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Burmese Days

“It will always be Burma to me.” – J. Peterman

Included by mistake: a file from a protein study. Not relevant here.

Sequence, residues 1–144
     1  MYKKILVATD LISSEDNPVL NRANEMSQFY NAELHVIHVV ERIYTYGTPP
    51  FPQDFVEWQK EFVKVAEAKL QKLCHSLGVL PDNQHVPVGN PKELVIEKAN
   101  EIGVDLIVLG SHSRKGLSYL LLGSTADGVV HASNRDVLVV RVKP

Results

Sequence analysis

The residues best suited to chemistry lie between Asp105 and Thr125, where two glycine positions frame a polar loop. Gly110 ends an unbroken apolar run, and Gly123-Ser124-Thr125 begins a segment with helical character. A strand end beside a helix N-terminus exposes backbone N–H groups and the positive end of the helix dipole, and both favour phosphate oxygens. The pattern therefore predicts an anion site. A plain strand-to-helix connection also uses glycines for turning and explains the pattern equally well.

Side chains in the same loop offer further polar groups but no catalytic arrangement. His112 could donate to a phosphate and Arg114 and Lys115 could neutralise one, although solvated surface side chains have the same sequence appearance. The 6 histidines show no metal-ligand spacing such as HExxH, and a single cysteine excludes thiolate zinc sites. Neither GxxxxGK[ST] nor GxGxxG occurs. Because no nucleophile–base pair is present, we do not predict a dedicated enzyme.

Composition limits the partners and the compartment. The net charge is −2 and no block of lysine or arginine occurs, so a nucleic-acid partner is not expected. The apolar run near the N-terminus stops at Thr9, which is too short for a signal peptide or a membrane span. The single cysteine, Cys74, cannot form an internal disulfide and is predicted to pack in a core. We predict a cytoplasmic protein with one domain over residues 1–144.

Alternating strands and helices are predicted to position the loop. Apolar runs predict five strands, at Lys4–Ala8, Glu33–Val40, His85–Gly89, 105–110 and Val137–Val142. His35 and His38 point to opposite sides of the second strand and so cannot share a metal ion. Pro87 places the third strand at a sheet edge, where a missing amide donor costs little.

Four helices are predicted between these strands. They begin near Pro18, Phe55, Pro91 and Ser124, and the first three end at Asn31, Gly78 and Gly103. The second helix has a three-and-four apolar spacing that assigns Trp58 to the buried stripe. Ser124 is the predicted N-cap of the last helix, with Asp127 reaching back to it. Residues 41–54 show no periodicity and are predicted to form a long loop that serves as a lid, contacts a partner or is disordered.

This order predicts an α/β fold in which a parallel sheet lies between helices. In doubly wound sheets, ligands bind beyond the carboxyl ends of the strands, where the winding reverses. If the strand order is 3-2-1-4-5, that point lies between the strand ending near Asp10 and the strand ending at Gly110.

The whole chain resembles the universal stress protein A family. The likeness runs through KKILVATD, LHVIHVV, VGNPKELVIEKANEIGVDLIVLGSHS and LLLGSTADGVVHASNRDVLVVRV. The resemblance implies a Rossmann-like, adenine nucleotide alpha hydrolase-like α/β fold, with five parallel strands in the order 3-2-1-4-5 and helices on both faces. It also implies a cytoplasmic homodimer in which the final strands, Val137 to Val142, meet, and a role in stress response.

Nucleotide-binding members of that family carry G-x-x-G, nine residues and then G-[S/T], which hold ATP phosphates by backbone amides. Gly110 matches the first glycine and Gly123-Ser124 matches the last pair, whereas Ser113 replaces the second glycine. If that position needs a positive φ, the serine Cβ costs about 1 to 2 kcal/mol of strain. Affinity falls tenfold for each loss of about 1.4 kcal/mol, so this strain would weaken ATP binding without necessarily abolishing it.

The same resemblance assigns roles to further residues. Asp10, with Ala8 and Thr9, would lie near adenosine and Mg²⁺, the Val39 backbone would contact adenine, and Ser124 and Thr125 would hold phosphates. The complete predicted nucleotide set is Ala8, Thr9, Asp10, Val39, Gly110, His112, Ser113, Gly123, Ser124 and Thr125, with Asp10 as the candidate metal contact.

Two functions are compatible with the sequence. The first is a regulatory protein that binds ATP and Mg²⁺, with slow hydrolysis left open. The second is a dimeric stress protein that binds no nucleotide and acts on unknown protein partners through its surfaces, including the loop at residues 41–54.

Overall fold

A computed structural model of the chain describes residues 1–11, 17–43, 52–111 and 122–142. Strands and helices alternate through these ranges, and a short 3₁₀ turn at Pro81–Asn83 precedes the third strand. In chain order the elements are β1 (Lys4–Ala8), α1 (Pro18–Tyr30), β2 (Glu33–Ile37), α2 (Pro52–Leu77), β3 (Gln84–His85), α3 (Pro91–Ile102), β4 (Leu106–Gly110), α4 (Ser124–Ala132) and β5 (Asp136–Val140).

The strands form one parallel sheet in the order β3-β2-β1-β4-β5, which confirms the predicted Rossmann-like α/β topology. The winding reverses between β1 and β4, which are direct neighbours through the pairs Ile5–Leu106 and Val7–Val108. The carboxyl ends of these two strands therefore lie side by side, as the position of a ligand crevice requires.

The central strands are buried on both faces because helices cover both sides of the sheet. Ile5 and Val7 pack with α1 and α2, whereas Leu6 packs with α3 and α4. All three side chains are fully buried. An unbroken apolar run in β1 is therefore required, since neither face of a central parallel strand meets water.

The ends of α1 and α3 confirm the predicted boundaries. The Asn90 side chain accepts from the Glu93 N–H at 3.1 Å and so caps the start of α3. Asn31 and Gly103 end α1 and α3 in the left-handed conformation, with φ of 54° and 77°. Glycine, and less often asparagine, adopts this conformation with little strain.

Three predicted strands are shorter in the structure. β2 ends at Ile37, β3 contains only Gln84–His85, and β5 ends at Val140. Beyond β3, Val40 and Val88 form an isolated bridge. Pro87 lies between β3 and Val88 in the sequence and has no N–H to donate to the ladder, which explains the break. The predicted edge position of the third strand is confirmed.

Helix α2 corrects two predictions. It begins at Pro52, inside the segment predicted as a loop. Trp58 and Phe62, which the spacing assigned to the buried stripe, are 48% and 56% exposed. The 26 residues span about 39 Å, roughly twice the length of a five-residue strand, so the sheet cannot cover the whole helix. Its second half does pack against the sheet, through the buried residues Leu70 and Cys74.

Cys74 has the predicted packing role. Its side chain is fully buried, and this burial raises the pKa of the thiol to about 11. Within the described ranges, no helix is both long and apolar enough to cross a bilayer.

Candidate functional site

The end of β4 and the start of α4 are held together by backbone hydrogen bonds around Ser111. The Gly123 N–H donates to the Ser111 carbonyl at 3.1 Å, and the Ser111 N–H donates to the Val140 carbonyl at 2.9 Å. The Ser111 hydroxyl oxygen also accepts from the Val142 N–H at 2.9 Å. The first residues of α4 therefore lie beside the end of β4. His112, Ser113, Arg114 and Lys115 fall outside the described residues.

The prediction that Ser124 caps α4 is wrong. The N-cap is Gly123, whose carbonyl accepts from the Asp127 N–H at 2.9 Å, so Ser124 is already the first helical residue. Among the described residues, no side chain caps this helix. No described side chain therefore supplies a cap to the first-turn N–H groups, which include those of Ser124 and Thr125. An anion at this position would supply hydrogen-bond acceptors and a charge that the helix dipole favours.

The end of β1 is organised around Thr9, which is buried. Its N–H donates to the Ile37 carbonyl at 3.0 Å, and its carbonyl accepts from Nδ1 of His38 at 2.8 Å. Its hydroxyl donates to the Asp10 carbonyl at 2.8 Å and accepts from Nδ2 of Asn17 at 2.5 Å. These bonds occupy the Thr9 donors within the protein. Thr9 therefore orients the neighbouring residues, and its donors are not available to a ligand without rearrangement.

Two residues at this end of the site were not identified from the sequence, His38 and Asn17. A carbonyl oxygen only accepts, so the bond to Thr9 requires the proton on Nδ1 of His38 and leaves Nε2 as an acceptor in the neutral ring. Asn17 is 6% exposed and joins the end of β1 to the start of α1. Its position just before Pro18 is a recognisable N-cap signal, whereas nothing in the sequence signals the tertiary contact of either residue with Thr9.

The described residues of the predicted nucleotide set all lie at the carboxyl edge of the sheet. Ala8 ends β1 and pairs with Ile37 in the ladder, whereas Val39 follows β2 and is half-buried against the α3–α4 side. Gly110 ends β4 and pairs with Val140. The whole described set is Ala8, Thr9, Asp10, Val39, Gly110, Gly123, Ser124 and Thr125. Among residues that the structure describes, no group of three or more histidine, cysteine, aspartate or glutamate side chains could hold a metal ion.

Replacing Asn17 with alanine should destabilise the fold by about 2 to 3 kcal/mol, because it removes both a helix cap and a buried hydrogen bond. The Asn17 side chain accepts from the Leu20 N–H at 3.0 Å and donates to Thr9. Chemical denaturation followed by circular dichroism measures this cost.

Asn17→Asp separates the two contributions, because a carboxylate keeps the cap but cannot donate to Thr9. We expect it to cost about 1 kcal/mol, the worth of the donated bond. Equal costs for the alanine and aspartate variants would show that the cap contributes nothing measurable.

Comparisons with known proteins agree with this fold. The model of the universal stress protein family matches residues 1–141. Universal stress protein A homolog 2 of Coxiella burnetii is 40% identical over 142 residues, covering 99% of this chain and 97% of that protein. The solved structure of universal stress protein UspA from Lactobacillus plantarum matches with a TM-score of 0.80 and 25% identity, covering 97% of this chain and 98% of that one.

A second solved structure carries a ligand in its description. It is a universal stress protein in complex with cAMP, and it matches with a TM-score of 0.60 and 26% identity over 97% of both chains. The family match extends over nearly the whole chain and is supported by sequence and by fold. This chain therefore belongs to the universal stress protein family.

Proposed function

Sure, I stole the title, “Burmese Days”, from George Orwell, and from a book I haven’t even read no less. But I thought it sounded good. Anyway, Myanmar, which until 1990 was known as Burma in honour of its overwhelming majority of Burmese people, has long been one of the most controversial destinations for travellers to visit, or choose not to visit, or to visit and fill the coffers of the evil empire with their tourist dollars, or visit and do their damnedest to avoid government-owned business and “spread the money among the people”, and so on. The decision on whether or not it was ethical to travel in Myanmar was more greatly debated prior to 2011 when the country finally succumbed to international pressure and economic sanctions to introduce their version of a democratic government, or at least something faintly recognizable as similar to one, anyway. Since then general consensus seems to be that they are headed in the right direction, as long as you are willing to accept “the right direction” as one that makes them more similar ours in the West. Then, earlier this month the National League of Democracy, notionally led by formerly oppressed opposition leader Aung San Kyi who spent 15 years under house arrest and is affectionately known as simply “The Lady”, won the first (relatively) open election in a landslide. She will not actually be named President, however, due to a somewhat questionable law that precludes her due to having children who hold British passports (and possibly owing allegiance their own evil empire, the one known as Chelsea FC). She is so popular that among all the usual crappy tourist t-shirts (I <heart> Myanmar, photos of random stupas, Bagan!) you will regularly see her prim little visage looking back at you from behind her contact lenses, smiling serenely in a way that suggests that not only is she a generous and enlightened pacifist, but that she can tell at a glance that you are definitely not, but she’s magnanimously okay with it. That’s just the kind of cool chick she is.